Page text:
Power producer KenGen has announced plans to add an extra 160 megawatts to the national grid by June 2019.
Managing director Rebecca Miano said the Sh17 billion project was on course to achieving 721MW by 2020. It is currently at 533.8 MW
“The power plant is part of KenGen’s ambitious green energy development agenda aimed at delivering 721MW of renewable energy by year 2020 at an investment of Sh135B,” she said.
The power plant whose construction began last year and several other green energy projects, at different stages of procurement will ensure Kenyans benefit directly from reliable, clean and affordable electricity.
“Our focus is on geothermal energy, which is an eco-friendly, renewable and reliable source that can reduce consumers’ utility costs by up to 50 per cent,” she said.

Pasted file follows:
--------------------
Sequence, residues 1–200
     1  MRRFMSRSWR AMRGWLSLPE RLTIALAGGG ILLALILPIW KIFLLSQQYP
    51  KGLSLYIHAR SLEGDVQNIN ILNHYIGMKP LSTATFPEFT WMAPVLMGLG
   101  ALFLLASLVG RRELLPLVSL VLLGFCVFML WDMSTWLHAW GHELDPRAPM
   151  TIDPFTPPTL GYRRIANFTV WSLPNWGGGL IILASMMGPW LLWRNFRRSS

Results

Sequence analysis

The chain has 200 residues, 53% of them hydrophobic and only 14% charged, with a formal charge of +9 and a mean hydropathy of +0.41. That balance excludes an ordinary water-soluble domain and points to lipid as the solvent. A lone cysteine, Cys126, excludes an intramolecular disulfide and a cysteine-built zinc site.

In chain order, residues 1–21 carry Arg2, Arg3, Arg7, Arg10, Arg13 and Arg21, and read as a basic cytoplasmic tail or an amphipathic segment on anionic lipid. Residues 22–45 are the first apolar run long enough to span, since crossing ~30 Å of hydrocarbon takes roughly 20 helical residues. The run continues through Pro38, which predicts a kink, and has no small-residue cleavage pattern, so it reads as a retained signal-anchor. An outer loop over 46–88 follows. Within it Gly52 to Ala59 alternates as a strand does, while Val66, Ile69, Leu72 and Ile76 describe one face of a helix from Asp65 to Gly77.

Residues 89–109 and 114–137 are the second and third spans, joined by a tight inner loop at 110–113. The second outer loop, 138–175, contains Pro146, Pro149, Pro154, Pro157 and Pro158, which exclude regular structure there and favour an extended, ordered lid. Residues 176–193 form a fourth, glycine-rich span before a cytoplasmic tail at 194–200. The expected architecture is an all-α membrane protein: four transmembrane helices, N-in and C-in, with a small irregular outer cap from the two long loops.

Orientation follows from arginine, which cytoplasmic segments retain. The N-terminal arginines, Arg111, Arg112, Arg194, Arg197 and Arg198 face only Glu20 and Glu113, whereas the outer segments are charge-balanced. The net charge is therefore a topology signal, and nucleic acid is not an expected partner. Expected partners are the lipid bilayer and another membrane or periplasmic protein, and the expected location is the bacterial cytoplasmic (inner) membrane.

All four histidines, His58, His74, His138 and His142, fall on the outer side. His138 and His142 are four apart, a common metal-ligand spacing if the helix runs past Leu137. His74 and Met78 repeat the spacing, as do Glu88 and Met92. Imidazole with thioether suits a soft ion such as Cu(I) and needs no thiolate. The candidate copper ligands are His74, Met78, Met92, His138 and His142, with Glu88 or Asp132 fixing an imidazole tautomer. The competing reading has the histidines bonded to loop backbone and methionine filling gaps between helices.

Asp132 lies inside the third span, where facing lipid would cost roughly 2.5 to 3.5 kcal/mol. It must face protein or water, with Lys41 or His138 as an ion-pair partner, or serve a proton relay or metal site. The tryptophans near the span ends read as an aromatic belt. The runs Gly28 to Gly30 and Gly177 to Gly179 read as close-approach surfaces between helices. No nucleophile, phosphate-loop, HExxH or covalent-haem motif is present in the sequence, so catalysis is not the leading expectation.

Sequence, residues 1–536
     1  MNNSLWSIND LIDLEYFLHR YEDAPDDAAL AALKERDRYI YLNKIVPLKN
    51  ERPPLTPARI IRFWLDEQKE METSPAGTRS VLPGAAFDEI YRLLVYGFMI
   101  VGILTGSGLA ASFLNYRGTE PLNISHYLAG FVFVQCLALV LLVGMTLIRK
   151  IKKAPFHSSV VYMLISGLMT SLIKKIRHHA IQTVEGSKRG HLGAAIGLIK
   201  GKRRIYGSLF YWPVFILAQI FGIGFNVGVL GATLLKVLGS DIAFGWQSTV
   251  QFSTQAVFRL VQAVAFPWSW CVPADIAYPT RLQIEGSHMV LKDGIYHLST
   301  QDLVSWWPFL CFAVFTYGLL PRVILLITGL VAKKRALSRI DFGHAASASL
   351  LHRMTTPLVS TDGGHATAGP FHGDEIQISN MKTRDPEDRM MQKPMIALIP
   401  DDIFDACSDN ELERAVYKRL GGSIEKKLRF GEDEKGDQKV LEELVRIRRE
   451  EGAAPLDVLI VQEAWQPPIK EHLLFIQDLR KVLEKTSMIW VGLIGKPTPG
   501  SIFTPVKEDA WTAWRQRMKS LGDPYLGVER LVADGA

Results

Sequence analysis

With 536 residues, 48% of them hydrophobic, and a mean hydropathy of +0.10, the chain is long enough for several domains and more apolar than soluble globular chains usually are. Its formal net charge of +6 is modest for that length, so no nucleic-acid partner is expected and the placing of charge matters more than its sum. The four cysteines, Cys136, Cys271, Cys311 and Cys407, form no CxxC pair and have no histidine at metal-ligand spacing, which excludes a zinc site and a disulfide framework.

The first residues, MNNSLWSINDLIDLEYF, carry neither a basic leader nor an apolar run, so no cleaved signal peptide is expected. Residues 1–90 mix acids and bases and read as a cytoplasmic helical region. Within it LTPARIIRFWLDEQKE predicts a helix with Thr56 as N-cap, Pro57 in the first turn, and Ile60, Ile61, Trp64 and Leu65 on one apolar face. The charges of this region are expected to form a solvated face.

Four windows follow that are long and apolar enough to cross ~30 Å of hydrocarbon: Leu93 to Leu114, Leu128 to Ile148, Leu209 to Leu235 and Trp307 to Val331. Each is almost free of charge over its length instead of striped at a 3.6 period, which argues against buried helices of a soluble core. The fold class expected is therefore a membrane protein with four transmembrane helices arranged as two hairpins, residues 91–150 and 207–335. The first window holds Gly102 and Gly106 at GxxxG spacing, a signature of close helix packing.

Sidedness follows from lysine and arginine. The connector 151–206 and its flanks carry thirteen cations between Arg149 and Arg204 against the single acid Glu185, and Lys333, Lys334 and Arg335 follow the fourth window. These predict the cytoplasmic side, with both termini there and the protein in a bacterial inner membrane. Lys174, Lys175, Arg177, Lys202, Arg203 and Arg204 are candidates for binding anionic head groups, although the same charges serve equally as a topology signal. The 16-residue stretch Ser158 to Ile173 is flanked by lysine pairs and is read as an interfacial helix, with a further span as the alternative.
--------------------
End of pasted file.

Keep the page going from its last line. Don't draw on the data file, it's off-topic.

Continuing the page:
Miano said manufacturing of equipment in Japan and Germany was on schedule and several equipments already tested in readiness for shipment to Kenya.
“All earth works at the project site are complete and the main activity in progress is subsurface ground stabilization by pilling to create a strong foundation,” she said.
She said they water levels at KenGen hydro power plants have fallen below the minimum operating level and unless the country receives sufficient amount of rainfall in the next few weeks, the company would be forced to shut down its hydro-power stations.
“We will be forced to shut down the ones in the Eastern region which draw their water from River Tana that supplies water to Masinga, Kindaruma, Gitaru and Kiambere power plants,”
She at the same time said there was no cause for alarm as KenGen was scaling up geothermal and wind energy sources to offset the deficit that will be created by closure of the dams.
“The current weather forecast indicates that Tana catchment is most likely to experience depressed rainfall while the catchments for Turkwel and Sondu Rivers, which serves Turkwel and Sondu Miriu power plants, are most likely to receive near average rainfall,” she noted.